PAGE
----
Jacob Blesses His Grandsons

Dec 20, 2015

וַיַּרְא יִשְׂרָאֵל אֶת־בְּנֵי יוֹסֵף וַיֹּאמֶר מִי־אֵלֶּה׃

Noticing Yosef's sons, Yisrael asked, “Who are these?”

Genesis 48:8

וַאֲנִי נָתַתִּי לְךָ שְׁכֶם אַחַד עַל־אַחֶיךָ אֲשֶׁר לָקַחְתִּי מִיַּד הָאֱמֹרִי בְּחַרְבִּי וּבְקַשְׁתִּי׃

And now, I assign to you one portion more than to your brothers, which I wrested from the Amorites with my sword and bow.”

Genesis 48:22

Having claimed them as equal in status to his own sons, Jacob now notices his two grandsons standing with their father. Confirming their identities, he asks Joseph to bring them close that he may bless them. Jacob is overwhelmed with joy, as he had not thought he would ever see Joseph again, let alone his grandchildren.


Joseph positions his sons within his father’s reach, with the eldest, Manasseh, at Jacob’s right hand. Jacob, however, crosses his arms to place his right hand on Ephraim’s head. Joseph protests, but Jacob insists he knows what he is doing, and someday, Ephraim will outstrip Manasseh in greatness. Jacob blesses his grandsons in his own name and in the names of his fathers, saying one day the nation will bless their children in their names. He also tells Joseph that he is giving him an additional portion (shechem) over his brothers, one that he took with his own sword.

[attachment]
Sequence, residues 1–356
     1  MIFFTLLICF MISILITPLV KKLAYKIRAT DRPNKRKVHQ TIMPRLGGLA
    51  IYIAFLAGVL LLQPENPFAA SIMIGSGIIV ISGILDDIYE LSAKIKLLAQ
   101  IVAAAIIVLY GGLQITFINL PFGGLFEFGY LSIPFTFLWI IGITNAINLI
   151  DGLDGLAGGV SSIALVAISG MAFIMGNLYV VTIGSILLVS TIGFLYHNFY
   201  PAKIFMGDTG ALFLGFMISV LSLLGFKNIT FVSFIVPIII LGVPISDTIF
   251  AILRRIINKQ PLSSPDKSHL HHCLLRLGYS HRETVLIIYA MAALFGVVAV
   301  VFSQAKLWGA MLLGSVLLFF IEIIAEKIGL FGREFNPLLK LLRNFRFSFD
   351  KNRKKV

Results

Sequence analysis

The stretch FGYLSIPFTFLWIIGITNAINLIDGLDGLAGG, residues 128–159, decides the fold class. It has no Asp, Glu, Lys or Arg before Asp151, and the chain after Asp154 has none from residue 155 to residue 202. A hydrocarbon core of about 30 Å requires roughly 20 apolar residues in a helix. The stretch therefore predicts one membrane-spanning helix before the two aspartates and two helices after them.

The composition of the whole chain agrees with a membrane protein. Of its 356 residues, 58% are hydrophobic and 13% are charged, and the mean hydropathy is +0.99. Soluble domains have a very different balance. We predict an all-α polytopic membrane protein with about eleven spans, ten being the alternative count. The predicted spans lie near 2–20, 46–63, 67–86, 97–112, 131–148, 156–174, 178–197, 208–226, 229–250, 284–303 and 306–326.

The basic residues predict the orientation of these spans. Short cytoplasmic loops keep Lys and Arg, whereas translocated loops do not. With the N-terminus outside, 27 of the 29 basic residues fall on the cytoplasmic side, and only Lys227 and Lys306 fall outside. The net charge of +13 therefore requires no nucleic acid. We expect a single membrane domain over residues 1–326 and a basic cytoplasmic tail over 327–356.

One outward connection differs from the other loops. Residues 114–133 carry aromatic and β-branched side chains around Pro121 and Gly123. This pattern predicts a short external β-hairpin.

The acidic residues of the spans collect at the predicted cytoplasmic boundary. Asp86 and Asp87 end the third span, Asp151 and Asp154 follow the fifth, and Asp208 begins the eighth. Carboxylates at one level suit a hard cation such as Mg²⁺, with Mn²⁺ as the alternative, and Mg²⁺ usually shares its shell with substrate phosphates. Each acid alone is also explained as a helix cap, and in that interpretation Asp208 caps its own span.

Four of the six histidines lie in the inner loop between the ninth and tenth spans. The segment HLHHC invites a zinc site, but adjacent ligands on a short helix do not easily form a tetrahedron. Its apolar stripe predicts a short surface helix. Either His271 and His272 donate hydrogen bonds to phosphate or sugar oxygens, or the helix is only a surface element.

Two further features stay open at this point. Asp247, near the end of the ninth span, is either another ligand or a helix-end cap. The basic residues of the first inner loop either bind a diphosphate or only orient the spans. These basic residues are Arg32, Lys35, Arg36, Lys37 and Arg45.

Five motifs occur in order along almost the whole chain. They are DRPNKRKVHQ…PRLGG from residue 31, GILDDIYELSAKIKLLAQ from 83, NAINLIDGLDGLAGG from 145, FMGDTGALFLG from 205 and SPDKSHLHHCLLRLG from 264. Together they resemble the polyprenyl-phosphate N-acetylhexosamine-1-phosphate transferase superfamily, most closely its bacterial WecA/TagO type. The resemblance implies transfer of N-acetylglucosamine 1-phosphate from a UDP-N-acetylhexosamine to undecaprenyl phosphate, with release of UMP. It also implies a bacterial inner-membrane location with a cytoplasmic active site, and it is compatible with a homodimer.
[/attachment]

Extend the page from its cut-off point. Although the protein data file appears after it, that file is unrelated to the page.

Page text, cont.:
The Israel Bible asks why future generations would bless their children in the names of Ephraim and Manasseh (as is, indeed, the custom in many Jewish homes every Friday night). Ephraim and Manasseh were the first generation to be born Egypt, yet they remained loyal to the traditions of their father despite the temptations of Egypt. Thus, they serve as a template for the survival of the Jewish people and their return to Israel in the future.


Virtual Classroom Discussion

Why do you think Jacob has to ask who Manasseh and Ephraim are when he sees them?

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